'Eileen' Believes in Nothing, Lebowski
William Oldroyd's sophomore film is noir at its most nihilistic.
True noir believes in nothing… not morality, not karma, not self-improvement… nothing. And Eileen is most certainly true noir. A lot of critics have been comparing director William Oldroyd’s sophomore film to Hitchcock, but that’s way off-base. Adapted from the book by Ottessa Moshfegh (who co-wrote the screenplay with Luke Goebel), Eileen is closer to the work of novelist (The Killer Inside Me, The Getaway) and screenwriter (The Killing) Jim Thompson. This is a story about bad people doing bad things to other bad people, and it offers the viewer no petty reassurances about good triumphing over evil or life being full of puppies and butterflies and rainbows. It’s not soul-crushing, exactly, but it’s definitely not life-affirming, either.
Thomasin McKenzie plays the title role, which is almost the exact same painfully-meek character she played in 2021’s Last Night in Soho, only hornier, sporting a thick Massachusetts accent instead of a delicate British one, and living in the 1960s instead of obsessing over the 1960s. She shares a home with her father, Jim (American goddamn treasure Shea Whigham), an alcoholic ex-cop who never misses an opportunity to tell Eileen how little he thinks of her, and works as a secretary at the local boy’s prison, where she lusts after one of the guards (Owen Teague). Like her father, the other secretaries - particularly one played by Lars von Trier regular Siobhan Fallon Hogan at her Siobhan Fallon Hoganiest - are not nice to her. Her mom is dead, her sister is married and never visits, her only hobby is masturbating in public or semi-public settings, and her life just generally kind of sucks.
Enter Rebecca (Anne Hathaway), the prison’s new psychologist. A blonde in a sea of brunettes, Rebecca is so sultry and seductive that her name might as well be Femme Fatale. But I guess Eileen has never seen a movie before, because she nonetheless quickly becomes infatuated with Rebecca. Rebecca seems to return her affection, and this being a noir film, that naturally means it’s only a matter of time until Eileen is sucked into a web of criminal activity from which she must escape before going to jail or her grave.
“Love will make you crazy,” Jim tells Eileen early in the movie, and that is, very sincerely, the story’s guiding principle, dramatized both in the relationship between Eileen and Rebecca and in revelations about an inmate (Sam Nivola, son of Alessandro Nivola) who killed his dad. It’s thematically of a kind with Oldroyd’s excellent 2016 directorial debut, Lady Macbeth, which had a similarly chilly view of love, community, gender dynamics, and justice.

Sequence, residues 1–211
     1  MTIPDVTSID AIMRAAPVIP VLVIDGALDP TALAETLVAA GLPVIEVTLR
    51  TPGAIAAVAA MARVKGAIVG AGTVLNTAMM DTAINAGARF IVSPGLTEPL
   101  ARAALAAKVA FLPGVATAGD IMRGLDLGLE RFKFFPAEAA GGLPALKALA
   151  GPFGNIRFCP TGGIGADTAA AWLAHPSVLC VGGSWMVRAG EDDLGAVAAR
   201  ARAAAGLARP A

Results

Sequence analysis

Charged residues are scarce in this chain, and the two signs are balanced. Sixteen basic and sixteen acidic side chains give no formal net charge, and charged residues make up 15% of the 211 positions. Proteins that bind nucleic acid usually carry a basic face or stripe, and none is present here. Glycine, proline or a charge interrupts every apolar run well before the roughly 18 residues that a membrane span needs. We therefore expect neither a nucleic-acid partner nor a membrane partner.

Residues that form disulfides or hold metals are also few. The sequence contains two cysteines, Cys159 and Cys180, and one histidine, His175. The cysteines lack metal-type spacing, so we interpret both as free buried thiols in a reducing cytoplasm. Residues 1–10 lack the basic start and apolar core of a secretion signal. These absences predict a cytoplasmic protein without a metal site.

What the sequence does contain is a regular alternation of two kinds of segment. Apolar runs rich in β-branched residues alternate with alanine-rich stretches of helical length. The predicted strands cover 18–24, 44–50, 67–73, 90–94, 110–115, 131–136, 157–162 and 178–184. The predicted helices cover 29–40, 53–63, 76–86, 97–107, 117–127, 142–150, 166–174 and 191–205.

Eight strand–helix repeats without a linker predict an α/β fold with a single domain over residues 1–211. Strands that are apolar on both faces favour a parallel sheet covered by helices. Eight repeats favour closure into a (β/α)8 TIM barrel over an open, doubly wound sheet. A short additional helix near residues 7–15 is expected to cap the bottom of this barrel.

Eileen is good, but it isn’t as good as Lady Macbeth. There are a few reasons for this. One is that while McKenzie makes a convincing introvert, she does not make a convincing young woman with no suitors - Eileen is one of those movies that wants you to believe that its very attractive leading lady is very unattractive, and that gambit never really works.
Another reason Eileen doesn’t quite gel is that neither McKenzie nor Hathaway are as magnetic as that film’s star, Florence Pugh. Hathaway, like McKenzie, has already played a nearly-identical version of her character, in both The Dark Knight Rises and the hilariously awful Serenity; she’s good, but it’s hard to shake the feeling that she’s not challenging herself. Whigham (Mission: Impossible - Dead Reckoning Part One) is terrific, as is always the case, and it would be wonderful to see him snag some award nominations for his performance here, especially because it’s a larger role than the bit parts to which he’s often relegated.
But it’s Marin Ireland (The Dark and the Wicked), as the patricidal inmate’s mother, who steals the whole movie with a single devastating monologue near the conclusion. The entire moment is played in a tight close-up with no cuts, and it humanizes a character that has done something deeply inhuman without robbing their appalling crime of its repulsiveness, which is quite the high-wire act. Anyone not already familiar with Ireland sure as hell will be after seeing this movie.
Regardless, Eileen also falls short of Lady Macbeth because the story ends so abruptly as to feel unfinished and, thus, unsatisfying. Which is a shame, because it seems like it’s just getting to the most deliciously nasty stuff when the closing credits roll - this movie ends where most noirs begin (in fairness, the novel goes a little bit further past the movie’s final scene - but not very much). Maybe the precipitous conclusion is also part of Oldroyd’s message - nothing, including this film, is ever what you want it to be, and you’re an idiot for hoping otherwise.